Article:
Band, choir and orchestra members practice regularly with their group during advisory periods. Each group performs at the winter and spring concerts, two school assemblies, the annual school budget vote, the Strawberry Festival, and other special events that may vary from one year to the next. Serious students are also encouraged to prepare music and play for the NYS School Music Association Music Festival each spring.
For 7th and 8th graders who meet requirements: i.e. academic average, prior community service, etc.
Program Coordinator: Lori Ranze
Creative problem solving comes from teamwork, cooperation and risk-taking. That’s the principle behind Odyssey of the Mind, an international problem-solving competition that is both fun and challenging. Students team up to work on one of several open-ended problems that the international OM organization poses each year. For example, one problem may require students to build a structure that meets specific guidelines. Another problem may require a theatrical solution that is written and performed by students. There is a regional competition each spring and, depending on how students score, they may proceed to the state level or beyond. Each team has its own volunteer coaches. (Parents are always needed to fill this important role!) Find out more about Odyssey of the Mind.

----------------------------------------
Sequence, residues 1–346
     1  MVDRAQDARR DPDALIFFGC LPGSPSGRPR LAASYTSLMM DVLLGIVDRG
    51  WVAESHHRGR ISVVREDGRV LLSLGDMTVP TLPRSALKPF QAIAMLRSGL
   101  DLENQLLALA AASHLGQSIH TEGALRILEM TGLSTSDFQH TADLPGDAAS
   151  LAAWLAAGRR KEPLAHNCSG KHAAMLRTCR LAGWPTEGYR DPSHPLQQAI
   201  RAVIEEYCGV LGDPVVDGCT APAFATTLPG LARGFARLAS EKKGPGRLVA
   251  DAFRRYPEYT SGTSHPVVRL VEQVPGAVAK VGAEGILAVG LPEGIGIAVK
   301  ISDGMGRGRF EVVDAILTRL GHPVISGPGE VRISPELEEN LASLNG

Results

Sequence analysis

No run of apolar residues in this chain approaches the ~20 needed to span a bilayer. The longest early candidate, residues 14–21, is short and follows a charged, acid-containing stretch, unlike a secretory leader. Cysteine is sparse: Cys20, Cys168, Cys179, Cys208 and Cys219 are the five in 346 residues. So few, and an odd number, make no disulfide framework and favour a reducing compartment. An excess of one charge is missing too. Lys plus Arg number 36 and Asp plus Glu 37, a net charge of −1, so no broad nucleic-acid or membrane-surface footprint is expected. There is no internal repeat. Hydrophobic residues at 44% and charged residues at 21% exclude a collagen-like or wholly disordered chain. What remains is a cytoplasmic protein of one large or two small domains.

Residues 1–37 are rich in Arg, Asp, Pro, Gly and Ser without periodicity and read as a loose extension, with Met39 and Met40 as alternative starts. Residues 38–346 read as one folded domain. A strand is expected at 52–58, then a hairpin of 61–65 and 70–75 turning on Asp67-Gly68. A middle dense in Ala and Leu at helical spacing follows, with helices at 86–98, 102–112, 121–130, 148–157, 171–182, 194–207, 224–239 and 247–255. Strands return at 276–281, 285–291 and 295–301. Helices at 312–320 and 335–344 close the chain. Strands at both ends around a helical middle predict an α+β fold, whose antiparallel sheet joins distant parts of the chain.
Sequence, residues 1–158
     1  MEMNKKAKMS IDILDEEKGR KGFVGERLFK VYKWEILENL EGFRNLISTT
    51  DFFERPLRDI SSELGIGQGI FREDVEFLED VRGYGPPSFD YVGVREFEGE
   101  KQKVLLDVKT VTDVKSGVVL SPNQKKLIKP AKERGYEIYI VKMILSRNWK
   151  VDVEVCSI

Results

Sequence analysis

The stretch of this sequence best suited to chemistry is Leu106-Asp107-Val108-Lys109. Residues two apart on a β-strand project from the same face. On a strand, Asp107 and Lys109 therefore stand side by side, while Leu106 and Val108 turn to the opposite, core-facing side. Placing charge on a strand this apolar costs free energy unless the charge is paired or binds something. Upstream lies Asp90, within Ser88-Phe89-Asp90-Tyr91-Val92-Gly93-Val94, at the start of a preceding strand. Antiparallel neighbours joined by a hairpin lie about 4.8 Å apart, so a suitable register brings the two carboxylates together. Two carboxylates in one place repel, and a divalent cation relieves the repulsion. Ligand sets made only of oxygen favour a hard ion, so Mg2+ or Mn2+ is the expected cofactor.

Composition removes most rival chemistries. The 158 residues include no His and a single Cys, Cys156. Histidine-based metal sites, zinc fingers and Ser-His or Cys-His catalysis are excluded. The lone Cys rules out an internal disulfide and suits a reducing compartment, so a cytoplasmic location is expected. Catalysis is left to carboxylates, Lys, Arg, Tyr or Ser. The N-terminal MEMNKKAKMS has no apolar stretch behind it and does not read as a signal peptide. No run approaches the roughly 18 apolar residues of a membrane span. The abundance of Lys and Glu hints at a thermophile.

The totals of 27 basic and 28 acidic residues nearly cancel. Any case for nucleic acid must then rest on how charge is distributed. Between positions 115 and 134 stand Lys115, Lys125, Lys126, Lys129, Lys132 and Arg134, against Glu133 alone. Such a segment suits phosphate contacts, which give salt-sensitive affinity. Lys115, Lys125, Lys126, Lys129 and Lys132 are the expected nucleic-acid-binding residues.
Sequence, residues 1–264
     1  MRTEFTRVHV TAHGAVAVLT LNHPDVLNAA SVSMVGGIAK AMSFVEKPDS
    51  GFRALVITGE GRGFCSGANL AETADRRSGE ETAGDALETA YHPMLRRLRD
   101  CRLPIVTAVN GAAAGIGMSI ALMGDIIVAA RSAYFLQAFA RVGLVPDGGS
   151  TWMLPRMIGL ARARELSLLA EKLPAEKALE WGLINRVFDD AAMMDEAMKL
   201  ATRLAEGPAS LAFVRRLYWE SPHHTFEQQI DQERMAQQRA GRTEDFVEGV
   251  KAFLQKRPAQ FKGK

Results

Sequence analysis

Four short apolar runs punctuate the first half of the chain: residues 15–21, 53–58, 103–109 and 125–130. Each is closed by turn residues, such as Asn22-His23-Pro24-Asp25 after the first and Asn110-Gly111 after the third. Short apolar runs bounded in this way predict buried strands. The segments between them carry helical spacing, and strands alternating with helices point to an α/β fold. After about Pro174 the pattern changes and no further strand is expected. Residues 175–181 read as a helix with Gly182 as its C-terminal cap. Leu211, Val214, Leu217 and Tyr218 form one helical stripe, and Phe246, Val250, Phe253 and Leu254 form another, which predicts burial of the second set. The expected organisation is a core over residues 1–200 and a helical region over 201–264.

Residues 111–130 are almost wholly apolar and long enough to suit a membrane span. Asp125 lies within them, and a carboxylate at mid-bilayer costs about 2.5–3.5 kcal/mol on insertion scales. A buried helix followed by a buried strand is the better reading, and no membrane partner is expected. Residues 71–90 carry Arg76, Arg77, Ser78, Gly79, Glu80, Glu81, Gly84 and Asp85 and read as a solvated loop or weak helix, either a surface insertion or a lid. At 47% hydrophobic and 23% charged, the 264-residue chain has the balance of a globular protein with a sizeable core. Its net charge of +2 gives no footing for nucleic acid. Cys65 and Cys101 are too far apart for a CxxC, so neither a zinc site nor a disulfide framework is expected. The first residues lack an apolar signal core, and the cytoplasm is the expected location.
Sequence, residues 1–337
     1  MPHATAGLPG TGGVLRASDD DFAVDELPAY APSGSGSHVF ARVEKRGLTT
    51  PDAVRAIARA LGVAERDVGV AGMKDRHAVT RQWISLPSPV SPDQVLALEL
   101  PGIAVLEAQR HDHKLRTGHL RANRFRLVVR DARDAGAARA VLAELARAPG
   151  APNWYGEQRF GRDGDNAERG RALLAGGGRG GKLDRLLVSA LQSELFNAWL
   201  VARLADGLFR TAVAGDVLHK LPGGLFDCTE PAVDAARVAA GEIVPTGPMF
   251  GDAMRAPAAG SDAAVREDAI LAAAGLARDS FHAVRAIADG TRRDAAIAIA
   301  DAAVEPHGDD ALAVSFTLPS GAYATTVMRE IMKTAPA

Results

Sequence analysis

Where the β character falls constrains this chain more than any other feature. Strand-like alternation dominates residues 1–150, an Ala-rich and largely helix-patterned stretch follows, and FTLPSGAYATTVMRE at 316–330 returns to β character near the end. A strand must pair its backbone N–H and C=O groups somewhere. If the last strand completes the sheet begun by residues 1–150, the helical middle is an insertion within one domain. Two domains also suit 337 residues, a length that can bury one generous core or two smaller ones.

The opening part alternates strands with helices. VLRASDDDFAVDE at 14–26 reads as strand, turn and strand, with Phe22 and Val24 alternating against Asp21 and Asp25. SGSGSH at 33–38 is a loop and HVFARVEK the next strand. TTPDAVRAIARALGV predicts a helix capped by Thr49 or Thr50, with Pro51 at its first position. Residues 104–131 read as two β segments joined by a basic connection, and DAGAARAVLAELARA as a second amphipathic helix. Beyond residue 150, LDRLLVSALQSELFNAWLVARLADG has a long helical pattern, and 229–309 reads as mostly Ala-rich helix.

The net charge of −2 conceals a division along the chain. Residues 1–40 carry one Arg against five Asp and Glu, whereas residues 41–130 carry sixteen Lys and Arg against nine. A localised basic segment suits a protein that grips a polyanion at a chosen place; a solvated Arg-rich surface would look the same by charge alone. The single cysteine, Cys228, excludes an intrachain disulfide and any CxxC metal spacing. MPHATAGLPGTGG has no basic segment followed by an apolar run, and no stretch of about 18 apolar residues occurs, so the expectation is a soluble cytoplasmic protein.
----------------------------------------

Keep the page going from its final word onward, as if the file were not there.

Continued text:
Advisors: Maria Pacheco & Tricia Saullo
Peers for Peace is offered at both the middle school and high school. The goal of this student group is to raise awareness about human rights and increase tolerance and respect for diversity within the school and community.
Advisors: Mark Lajeunesse & John Winters
Students build and launch rockets from a kit.
Advisors: Karen Squires & Mary Frances Manno
Students in grades 6-8 are encouraged to contribute to the many aspects of creating a lasting record of their middle school years. Yearbook staffers structure layouts, take pictures, write captions, and document special events that take place throughout the school year. If you’re responsible, good at managing your time, hard-working and dedicated to producing a yearbook that reflects middle school life – then this is the club for you!